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About this poet

Nicole Sealey was born in St. Thomas, Virgin Islands, and raised in Apopka, Florida. She received an MFA from New York University and an MLA in Africana studies from the University of South Florida. Sealey is the author of Ordinary Beast (Ecco Press, 2017), which was a finalist for the PEN Open Book and Hurston/Wright Legacy Awards. Her chapbook, The Animal After Whom Other Animals are Named (Northwestern University Press, 2016), was the winner of the 2016 Drinking Gourd Chapbook Prize. In 2019, Sealey was named a 2019-2020 Hodder Fellow at Princeton University. She has received fellowships and awards from CantoMundo, the Cave Canem Foundation, the American Academy in Rome, and the Elizabeth George Foundation, among others. She is Executive Director at the Cave Canem Foundation and lives in Brooklyn, New York.

Even the Gods

Even the gods misuse the unfolding blue. Even the gods misread the windflower’s nod toward sunlight as consent to consume. Still, you envy the horse that draws their chariot. Bone of their bone. The wilting mash of air alone keeps you from scaling Olympus with gifts of dead or dying things dangling from your mouth—your breath, like the sea, inching away. It is rumored gods grow where the blood of a hanged man drips. You insist on being this man. The gods abuse your grace. Still, you’d rather live among   the clear, cloudless white, enjoying what is left of their ambrosia. Who  should  be  happy  this  time?  Who  brings  cake  to whom? Pray  the  gods  do  not  misquote  your  covetous pulse for chaos, the black from which they were conceived. Even the eyes of gods must adjust to light. Even gods have gods.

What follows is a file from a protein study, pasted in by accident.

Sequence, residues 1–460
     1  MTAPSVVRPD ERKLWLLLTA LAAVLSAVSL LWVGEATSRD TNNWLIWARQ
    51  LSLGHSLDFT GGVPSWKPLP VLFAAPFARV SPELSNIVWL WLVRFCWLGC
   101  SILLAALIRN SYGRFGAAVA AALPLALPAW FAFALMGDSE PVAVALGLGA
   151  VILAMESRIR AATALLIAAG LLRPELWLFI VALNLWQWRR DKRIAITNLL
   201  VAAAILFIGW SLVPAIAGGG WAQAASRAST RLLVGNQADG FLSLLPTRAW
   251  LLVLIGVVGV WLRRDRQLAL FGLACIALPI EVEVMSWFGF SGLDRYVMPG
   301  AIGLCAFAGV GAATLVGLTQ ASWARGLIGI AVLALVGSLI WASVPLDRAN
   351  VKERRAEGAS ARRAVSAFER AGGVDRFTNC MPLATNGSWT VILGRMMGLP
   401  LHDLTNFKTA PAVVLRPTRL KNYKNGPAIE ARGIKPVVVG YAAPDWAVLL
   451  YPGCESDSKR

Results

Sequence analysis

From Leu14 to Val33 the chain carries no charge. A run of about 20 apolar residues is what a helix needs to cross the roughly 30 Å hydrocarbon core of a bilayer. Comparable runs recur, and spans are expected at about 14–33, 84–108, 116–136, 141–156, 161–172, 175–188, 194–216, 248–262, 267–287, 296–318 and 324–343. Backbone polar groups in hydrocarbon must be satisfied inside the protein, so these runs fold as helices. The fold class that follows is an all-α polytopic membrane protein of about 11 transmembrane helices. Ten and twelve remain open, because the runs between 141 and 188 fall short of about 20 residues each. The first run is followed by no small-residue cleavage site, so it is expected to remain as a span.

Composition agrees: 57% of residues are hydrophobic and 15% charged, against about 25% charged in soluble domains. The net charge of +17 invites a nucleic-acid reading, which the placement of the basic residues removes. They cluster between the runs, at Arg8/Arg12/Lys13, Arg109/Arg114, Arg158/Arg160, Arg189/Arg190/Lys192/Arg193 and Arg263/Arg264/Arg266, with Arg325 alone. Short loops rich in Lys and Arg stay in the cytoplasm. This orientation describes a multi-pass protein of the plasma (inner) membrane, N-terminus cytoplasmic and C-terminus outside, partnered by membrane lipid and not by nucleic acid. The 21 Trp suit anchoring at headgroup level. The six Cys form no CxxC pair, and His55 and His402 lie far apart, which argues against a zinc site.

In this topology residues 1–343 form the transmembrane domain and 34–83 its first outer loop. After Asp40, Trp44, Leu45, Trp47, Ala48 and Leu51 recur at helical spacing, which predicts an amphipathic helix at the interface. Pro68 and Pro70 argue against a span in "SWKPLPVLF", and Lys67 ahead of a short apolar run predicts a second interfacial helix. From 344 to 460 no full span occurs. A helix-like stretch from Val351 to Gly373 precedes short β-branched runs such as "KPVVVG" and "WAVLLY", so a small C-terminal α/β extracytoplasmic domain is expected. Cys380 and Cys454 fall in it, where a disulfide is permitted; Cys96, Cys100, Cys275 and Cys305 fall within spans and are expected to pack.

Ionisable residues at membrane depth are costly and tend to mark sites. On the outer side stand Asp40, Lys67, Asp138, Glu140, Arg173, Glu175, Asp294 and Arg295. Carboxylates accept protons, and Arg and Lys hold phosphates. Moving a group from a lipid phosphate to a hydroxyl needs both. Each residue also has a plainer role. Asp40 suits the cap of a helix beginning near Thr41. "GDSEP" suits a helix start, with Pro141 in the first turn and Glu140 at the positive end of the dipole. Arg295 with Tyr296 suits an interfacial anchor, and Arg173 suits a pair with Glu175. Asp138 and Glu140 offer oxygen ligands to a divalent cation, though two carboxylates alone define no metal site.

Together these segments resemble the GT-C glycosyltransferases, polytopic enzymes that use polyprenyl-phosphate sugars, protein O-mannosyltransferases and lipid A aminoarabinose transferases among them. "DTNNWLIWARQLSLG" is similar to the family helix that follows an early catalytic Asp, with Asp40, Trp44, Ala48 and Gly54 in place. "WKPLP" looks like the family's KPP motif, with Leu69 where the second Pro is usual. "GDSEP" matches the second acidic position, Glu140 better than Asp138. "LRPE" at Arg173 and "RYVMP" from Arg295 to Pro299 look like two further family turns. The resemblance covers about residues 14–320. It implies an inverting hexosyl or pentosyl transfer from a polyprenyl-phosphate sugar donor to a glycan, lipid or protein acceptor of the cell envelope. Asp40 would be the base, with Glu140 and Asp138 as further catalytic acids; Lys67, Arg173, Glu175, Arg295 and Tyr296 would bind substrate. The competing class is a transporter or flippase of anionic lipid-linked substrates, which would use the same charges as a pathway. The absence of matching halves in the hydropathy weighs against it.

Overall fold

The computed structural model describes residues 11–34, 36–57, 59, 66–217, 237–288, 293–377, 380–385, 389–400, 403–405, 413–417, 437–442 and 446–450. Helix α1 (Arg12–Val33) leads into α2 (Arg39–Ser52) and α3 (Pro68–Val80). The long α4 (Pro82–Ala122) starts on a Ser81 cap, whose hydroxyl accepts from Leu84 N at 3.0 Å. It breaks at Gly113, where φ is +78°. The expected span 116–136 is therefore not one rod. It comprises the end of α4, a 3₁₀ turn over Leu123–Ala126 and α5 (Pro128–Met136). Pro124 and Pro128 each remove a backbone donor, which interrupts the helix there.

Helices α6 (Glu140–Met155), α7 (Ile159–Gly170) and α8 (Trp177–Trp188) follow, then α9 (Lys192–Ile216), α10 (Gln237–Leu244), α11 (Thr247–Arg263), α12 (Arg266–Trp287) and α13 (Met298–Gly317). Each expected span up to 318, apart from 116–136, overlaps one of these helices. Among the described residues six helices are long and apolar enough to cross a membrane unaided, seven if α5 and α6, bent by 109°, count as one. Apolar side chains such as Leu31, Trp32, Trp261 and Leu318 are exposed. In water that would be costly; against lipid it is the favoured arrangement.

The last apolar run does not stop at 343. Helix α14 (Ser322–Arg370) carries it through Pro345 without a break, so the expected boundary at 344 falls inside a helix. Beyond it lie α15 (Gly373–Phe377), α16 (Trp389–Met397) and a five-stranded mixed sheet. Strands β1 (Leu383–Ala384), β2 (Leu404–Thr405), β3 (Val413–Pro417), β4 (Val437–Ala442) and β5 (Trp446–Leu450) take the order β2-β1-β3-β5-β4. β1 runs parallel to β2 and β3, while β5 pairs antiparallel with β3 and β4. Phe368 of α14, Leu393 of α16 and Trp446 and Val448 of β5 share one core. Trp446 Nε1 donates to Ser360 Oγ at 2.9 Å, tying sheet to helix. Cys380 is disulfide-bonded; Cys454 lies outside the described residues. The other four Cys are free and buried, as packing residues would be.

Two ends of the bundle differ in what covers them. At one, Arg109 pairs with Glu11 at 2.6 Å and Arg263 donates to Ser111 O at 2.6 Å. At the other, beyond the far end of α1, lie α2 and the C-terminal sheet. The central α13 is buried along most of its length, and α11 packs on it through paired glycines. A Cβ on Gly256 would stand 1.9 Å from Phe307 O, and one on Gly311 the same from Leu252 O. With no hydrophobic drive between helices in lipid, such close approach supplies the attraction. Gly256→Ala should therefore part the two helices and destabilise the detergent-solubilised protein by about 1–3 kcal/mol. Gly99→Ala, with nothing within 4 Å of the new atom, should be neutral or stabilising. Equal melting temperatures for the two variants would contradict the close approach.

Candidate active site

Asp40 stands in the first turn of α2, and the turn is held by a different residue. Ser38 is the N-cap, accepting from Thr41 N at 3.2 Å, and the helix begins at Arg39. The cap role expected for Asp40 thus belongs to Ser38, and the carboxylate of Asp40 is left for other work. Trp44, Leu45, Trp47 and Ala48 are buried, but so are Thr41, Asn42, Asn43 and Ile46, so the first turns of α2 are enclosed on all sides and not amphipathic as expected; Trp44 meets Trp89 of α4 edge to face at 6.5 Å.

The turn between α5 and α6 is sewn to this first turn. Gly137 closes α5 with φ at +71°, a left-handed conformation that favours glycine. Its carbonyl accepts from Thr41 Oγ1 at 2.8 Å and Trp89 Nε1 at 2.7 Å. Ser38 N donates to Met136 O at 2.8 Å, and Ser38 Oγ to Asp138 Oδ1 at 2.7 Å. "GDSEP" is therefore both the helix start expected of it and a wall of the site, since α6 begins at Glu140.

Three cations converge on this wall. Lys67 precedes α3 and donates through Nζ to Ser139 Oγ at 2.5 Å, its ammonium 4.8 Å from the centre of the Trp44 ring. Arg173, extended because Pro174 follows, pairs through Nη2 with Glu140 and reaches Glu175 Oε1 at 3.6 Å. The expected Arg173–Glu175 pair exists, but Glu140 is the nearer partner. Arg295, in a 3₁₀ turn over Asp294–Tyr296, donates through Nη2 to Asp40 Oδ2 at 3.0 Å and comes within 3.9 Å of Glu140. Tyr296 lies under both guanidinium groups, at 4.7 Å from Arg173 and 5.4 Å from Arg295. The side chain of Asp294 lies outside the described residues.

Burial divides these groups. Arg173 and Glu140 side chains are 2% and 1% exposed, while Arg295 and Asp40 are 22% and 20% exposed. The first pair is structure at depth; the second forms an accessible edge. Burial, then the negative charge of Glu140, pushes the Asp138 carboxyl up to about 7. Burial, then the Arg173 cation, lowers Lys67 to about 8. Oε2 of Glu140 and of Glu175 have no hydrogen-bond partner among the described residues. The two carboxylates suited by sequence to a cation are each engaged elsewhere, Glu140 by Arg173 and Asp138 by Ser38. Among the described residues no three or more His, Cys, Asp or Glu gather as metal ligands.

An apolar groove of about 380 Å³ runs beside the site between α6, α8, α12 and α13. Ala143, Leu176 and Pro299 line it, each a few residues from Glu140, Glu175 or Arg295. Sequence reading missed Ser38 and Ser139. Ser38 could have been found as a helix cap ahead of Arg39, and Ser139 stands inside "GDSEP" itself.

Copyright © 2017 by Nicole Sealey. Originally published in Ploughshares. Used with permission of the author.

Copyright © 2017 by Nicole Sealey. Originally published in Ploughshares. Used with permission of the author.

Nicole Sealey

Nicole Sealey is the author of Ordinary Beast (Ecco Press, 2017). She is the Executive Director at the Cave Canem Foundation, and lives in Brooklyn, New York. 

by this poet

poem

If you’ve read the “Candelabra with Heads”
that appears in this collection and the one
in The Animal, thank you. The original,
the one included here, is an example, I’m told,
of a poem that can speak for itself, but loses
faith in its ability to do so by

2
poem

i.  

“Hands down, mustard
is the tastiest condiment,” coughed Professor Plum—
his full mouth feigning hunger for the greens-
only sandwiches Mrs. White
laid out for Mr. Boddy’s guests. Miss Scarlet
hadn’t time to peel off her peacoat

before the

poem

[For Petra]

Scientists say the average human
life gets three months longer every year.
By this math, death will be optional. Like a tie
or dessert or suffering. My mother asks
whether I’d want to live forever.
“I’d get bored,” I tell her. “But,” she says,
“there’s so much to do